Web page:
SAN JUAN, Puerto Rico (AP) — Puerto Rico will defy the U.S. government and approve a law to keep cockfighting alive in a bid to protect a 400-year-old tradition practiced across the island despite a federal ban that goes into effect this week, officials told The Associated Press on Tuesday night.
The move brought cautious rejoicing in the cockfighting business despite concerns that the U.S. territory is trying to override a federal law that President Donald Trump signed a year ago.
“We are certainly challenging a federal law. We know what that implies,” Rep. Gabriel Rodríguez Aguiló, who co-authored the bill, told the AP.
He said that Gov. Wanda Vázquez was scheduled to sign the bill Wednesday morning and that he expected the fight to end up in federal court.
As word spread, those in the cockfighting industry cheered the news.
“There’s going to be work!” exclaimed Domingo Ruiz, who owns more than 30 cocks and has spent more than half a century in the business. “We’re going to keep the fight alive.”
Cockfighting generates an estimated $18 million a year and employs some 27,000 people, according to the bill approved by Puerto Rico’s House and Senate.
Puerto Rico has 71 cockfighting establishments in 45 municipalities licensed by the island’s Department of Sports and Recreation, said Secretary Adriana Sánchez. She defended the cockfighting tradition and contended the U.S. government banned fights for economic and not animal welfare reasons.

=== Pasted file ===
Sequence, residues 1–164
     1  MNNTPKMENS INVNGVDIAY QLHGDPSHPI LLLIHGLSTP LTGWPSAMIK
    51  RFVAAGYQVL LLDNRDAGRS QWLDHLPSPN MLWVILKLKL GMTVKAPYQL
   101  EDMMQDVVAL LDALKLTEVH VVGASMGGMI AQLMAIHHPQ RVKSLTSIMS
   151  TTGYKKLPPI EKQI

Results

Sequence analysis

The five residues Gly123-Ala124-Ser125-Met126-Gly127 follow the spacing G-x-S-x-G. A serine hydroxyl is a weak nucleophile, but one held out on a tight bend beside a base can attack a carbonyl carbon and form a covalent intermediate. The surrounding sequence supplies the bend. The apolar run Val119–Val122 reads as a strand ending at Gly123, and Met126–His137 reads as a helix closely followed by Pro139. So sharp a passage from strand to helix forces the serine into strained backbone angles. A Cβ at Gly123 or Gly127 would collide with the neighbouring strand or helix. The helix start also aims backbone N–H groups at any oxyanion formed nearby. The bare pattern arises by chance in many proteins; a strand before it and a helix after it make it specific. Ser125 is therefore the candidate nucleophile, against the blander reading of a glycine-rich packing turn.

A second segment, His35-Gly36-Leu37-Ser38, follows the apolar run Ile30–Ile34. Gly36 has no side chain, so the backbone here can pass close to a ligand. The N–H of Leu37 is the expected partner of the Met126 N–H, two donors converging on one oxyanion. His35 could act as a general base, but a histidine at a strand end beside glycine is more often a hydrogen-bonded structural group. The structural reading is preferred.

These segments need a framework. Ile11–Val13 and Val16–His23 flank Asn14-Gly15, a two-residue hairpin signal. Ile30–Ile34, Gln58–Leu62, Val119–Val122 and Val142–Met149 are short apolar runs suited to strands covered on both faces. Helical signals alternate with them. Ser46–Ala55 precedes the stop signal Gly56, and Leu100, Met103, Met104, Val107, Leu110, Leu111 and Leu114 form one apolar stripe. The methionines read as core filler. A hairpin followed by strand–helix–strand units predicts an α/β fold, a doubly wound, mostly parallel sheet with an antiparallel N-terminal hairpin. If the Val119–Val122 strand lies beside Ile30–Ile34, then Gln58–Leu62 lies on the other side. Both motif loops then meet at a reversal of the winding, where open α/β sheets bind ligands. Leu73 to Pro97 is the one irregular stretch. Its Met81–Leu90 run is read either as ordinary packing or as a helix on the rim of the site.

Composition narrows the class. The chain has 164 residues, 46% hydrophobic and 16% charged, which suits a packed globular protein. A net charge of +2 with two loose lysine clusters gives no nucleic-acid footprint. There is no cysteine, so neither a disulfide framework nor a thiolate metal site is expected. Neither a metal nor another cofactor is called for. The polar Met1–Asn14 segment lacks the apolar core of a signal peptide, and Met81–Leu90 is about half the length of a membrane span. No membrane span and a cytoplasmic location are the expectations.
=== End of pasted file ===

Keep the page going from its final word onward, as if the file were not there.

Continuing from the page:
“Their instinct is to fight,” she said of people in the business. “The people who dedicate themselves care for them and train them.”
Animal rights activists have long pushed to end cockfights in U.S. territories, saying they are cruel and noting they are illegal in all 50 U.S. states.
Wayne Pacelle, founder of the Washington- based Animal Wellness Action, said he doesn’t believe the statistics on Puerto Rico cockfighting.
“They are widely exaggerating the economic value,” he said. “Watching animals slash each other just for human entertainment and gambling is not judged as a legitimate enterprise by mainstream people.”
The measure says it is legal for Puerto Rico to host cockfights as long as people don’t export or import cocks or any goods or services related to cockfighting. The latter actions would violate the federal law, based on how Puerto Rico officials interpret it.
“It remains to be seen whether that’s how federal authorities understand it,” said Rep. Luis Vega Ramos.
Vega sought unsuccessfully to amend the measure to add authorization for local officials to not cooperate with federal agents in prosecuting people for cockfighting. But several municipalities, including the capital of San Juan, have authorized municipal police not to crack down on cockfighting.